Monday lectionary email, archived here on Friday.
This election season, we've seen a lot of hatred and inhospitality directed toward Muslims and toward migrants. There is talk of building walls instead of bridges, a focus on fueling the politics of fear instead of concern for human need. In 1 Kings 8 we see an alternative.
The Gospel of John addresses a community facing trouble because of its faith in Jesus. Its original readers needed to hear a message of affirmation. No wonder Jesus says "I will not leave you orphaned" and promises the disciples peace.
Lutherans are trained to hear the scriptures as proclaiming either law or gospel. By "law" they mean not passages from the Old Testament but all of the Bible's bad news: the sins we commit, the misery we experience, the sorrows we inflict on one another, the death we anticipate, the distance from God that diminishes our lives. By "gospel" they mean not the final reading on Sunday morning but the good news of the mercy given by a loving God, wherever in the Bible it is proclaimed.
It is striking that the psalm appointed as the response to the reading from Acts 16 is appointed also for the morning of Christmas Day. One of the gifts of the lectionary is that a biblical text wears different vestments depending on when it is shows up for Christian worship. Thus those preparing to preach need to attend not only to biblical commentaries but also to liturgical unfolding of scripture and theology in the assembly.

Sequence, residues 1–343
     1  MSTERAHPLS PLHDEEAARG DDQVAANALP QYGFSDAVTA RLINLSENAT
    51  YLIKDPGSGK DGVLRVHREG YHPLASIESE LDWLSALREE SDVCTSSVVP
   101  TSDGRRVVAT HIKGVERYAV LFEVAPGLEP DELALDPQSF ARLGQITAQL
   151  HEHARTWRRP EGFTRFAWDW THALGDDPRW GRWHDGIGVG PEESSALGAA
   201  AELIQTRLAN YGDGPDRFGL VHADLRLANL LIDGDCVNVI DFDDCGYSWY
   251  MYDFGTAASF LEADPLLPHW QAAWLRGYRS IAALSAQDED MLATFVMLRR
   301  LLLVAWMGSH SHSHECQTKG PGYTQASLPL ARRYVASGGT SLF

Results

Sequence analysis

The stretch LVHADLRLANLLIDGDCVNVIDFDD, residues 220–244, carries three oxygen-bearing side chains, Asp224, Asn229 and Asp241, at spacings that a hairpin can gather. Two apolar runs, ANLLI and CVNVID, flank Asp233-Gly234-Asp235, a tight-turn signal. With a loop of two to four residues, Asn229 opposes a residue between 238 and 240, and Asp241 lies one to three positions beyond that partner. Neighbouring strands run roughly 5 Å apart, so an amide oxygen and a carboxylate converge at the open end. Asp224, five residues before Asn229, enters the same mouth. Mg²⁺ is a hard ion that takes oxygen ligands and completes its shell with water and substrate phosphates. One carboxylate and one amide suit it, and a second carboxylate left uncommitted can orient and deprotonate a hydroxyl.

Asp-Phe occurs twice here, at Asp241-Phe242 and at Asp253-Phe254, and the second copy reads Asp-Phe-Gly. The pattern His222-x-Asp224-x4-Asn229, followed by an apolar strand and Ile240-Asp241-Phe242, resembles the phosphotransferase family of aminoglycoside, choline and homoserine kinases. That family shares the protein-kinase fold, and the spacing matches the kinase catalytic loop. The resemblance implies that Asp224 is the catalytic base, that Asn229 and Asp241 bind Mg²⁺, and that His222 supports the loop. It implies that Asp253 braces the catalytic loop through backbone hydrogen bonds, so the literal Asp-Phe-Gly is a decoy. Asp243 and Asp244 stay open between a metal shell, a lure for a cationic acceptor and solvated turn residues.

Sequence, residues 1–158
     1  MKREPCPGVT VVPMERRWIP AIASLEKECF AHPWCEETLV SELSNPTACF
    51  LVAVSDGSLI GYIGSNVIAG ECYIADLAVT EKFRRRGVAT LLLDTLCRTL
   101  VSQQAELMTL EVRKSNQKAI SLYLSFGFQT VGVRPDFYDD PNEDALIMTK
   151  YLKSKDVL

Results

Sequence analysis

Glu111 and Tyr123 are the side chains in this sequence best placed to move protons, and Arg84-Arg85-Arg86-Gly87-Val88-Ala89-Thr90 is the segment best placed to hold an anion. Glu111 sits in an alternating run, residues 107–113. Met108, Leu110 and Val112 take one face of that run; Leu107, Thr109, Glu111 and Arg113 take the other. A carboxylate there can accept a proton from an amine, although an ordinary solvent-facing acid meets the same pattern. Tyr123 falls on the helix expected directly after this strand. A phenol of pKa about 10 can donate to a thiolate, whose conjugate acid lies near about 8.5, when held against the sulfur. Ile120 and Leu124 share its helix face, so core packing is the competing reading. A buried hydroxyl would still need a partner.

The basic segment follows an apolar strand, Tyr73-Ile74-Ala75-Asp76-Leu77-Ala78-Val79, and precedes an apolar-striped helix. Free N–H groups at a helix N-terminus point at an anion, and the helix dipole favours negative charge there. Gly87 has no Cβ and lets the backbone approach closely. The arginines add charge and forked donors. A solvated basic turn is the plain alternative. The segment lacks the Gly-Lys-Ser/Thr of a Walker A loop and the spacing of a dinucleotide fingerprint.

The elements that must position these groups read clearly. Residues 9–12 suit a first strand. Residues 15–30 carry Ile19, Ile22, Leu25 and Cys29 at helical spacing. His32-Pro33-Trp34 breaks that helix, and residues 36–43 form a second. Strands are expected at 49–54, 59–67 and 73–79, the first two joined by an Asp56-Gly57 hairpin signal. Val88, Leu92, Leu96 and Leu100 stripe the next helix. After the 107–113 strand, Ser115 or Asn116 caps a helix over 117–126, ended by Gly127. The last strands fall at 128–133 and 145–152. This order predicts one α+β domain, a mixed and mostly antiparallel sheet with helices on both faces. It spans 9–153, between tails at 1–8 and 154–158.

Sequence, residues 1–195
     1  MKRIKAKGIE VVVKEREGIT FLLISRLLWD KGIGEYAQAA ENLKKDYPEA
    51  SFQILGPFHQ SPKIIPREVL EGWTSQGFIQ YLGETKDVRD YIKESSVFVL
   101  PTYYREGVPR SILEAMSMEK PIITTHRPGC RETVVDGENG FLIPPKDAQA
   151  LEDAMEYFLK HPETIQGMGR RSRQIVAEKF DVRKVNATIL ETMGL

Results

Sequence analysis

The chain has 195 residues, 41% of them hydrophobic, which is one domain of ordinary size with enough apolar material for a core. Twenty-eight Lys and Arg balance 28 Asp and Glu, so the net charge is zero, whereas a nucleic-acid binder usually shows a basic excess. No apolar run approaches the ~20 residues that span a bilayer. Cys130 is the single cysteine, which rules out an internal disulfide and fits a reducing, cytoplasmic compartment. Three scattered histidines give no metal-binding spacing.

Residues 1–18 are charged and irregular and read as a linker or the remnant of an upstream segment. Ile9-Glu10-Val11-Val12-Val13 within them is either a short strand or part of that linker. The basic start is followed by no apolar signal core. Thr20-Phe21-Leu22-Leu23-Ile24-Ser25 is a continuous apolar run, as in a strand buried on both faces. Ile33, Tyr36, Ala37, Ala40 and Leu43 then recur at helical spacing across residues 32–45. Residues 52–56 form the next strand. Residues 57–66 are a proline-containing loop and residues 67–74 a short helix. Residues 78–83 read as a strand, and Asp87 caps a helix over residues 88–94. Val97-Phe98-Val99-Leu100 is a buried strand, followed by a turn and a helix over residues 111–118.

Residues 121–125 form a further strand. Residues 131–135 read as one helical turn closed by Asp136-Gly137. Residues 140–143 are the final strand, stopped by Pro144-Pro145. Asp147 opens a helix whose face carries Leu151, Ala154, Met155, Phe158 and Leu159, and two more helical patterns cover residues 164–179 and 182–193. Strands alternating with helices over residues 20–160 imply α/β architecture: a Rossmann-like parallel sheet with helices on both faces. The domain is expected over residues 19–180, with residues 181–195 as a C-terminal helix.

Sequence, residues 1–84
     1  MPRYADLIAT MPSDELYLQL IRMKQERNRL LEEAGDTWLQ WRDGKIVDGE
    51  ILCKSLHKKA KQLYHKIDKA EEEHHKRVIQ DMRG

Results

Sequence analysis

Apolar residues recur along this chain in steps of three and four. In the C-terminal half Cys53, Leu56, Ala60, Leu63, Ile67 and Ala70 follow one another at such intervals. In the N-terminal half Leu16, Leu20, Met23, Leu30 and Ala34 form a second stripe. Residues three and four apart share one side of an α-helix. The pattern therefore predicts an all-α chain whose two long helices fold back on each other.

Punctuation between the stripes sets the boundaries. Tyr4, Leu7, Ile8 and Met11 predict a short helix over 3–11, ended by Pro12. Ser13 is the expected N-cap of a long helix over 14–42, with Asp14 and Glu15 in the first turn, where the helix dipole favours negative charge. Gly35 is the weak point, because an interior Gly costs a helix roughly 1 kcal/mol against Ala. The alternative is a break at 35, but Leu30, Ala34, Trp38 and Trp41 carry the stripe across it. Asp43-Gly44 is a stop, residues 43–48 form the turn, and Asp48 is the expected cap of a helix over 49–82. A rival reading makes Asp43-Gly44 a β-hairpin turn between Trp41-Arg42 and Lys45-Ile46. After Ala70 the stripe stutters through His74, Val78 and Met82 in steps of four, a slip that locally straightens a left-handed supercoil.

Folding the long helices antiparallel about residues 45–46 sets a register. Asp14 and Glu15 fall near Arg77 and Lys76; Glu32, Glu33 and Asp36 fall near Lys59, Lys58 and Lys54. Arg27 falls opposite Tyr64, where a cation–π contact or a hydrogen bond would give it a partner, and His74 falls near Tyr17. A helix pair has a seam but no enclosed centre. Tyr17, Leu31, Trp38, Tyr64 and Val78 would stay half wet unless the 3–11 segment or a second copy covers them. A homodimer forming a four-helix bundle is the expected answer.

Go to Google Images and look at some depictions of the ascension. This makes clear how difficult a festival this is for contemporary believers to celebrate.
I have always been intrigued by Lydia. Acts describes her as a worshiper of God, one whose heart has been opened, a dealer in purple cloth, and a woman willing to offer her home for others to stay. She is often associated with images of hospitality in the church.
On a recent work trip, I took a break to see Beautiful, the Carole King musical. I had not realized her songs' impact on me. I sat mesmerized as I heard the story of King's life woven together by songs she had written or co-written. I could sing along with every single song. They were not just the story of her life--I wondered if they had something to do with my own life and its trajectory as well.
“You, Lord, are both Lamb and Shepherd.” So begins “Christus Paradox,” a hymn penned by Sylvia Dunstan more than three decades ago. According to notes on the hymn text, Dunstan first scribbled down the lyrics--rich with paradoxical, tension-laden images of Jesus--while she rode the bus home after a difficult day of prison chaplaincy.
"I dream of walking the streets of Damascus," sighed a Syrian refugee whose radio interview I heard on my evening commute. His voice trailed off into a wistful silence. I had been engrossed in his story, but at the interview's end, my mind connected the refugee's lament and longing for a Damascus road story of long ago.